Life in the San Juans moves at a more leisurely rhythm, known as island time. Going carless allows you to sync with this rhythm and embrace this slower way of life.
Walking along town streets, cycling country lanes, or taking public transportation allows you to connect with the locals, discover secret hideouts, and savor those small moments missed when whizzing by in a car.
How To See The Islands Without A Car
Grey clouds loomed in the sky as the Washington State Ferry moved away from its dock in Anacortes. Choosing to leave our car behind, we walked onto the ferry headed for Friday Harbor on San Juan Island. Our main destination and reason for traveling an hour across the Salish Sea was to experience this captivating island from the driver's seat of a Fun Utility Vehicle (FUV).
Where did we find an FUV on San Juan Island? We headed to Susie’s Mopeds, located only a few blocks up from the ferry terminal in Friday Harbor. An easy walk to where we would begin our day's adventure.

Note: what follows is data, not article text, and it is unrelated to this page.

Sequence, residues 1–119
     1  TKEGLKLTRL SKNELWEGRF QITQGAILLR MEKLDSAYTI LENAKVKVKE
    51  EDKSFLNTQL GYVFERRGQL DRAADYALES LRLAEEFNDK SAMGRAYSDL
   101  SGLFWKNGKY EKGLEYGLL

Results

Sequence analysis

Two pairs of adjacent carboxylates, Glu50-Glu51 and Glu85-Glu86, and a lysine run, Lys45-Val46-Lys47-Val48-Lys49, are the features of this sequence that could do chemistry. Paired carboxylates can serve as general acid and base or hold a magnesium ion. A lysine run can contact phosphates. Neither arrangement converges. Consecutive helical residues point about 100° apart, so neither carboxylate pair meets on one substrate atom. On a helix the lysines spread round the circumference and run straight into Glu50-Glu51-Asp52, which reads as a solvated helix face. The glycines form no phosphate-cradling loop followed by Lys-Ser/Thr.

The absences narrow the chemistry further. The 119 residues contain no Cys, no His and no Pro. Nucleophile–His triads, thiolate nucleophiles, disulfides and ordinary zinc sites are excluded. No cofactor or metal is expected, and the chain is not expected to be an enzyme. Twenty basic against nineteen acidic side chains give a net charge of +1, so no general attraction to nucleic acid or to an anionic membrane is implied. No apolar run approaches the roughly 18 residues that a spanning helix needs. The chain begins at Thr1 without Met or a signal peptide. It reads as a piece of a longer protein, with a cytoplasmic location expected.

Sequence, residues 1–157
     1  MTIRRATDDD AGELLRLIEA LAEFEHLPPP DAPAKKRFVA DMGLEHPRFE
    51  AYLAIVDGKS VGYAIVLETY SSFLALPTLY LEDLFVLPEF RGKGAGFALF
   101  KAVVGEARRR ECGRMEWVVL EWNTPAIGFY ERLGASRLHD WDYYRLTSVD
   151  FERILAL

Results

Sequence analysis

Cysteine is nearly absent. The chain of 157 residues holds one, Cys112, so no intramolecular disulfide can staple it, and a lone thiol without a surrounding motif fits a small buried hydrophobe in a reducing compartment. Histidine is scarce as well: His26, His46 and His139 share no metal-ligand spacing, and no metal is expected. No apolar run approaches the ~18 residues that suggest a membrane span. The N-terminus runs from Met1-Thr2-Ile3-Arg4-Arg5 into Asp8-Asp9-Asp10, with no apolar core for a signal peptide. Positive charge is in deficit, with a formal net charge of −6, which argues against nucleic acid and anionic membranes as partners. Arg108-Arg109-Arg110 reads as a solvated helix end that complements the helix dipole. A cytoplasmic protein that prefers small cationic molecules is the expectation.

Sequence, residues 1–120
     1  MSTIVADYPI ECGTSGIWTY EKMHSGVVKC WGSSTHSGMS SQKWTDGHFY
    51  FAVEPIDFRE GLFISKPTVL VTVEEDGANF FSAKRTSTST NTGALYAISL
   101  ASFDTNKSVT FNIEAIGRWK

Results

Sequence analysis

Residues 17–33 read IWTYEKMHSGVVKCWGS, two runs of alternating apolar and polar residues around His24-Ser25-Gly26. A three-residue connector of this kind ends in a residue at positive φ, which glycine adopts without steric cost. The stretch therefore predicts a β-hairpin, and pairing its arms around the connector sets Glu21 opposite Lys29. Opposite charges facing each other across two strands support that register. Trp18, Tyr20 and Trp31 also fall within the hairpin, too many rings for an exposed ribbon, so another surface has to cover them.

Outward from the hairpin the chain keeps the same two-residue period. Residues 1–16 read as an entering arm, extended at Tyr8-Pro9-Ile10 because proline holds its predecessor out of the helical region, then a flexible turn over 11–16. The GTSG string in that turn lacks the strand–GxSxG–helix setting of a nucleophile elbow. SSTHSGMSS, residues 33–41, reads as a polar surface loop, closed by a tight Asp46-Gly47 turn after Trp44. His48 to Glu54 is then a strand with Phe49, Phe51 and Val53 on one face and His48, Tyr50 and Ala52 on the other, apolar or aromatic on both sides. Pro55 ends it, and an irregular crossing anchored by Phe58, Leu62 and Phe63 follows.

Anna Stevens, co-owner of Susie’s Mopeds, met us out front. She stood alongside the iconic fleet of gleaming, cherry red mopeds, scoot coupes, e-bikes, and the newest addition to the line-up: the Fun Utility Vehicle.
Anna and her partner Greg Lewis took over the ownership of Susie's Mopeds in 2020 after purchasing the business from Susan Doyle. This legendary shop began in 1986 serving as a gateway to experiencing an extraordinary adventure on San Juan Island. Four decades later, the red fleet has become an integral part of San Juan Island’s allure, offering an unforgettable and eco-friendly way to explore these island landscapes.
After Anna provides us with a thorough and quick tutorial, we are ready to set off in our electric FUV for a day around the island. Armed with a map showing us the best route we don our matching red helmets and head towards our first stop, Cattle Point.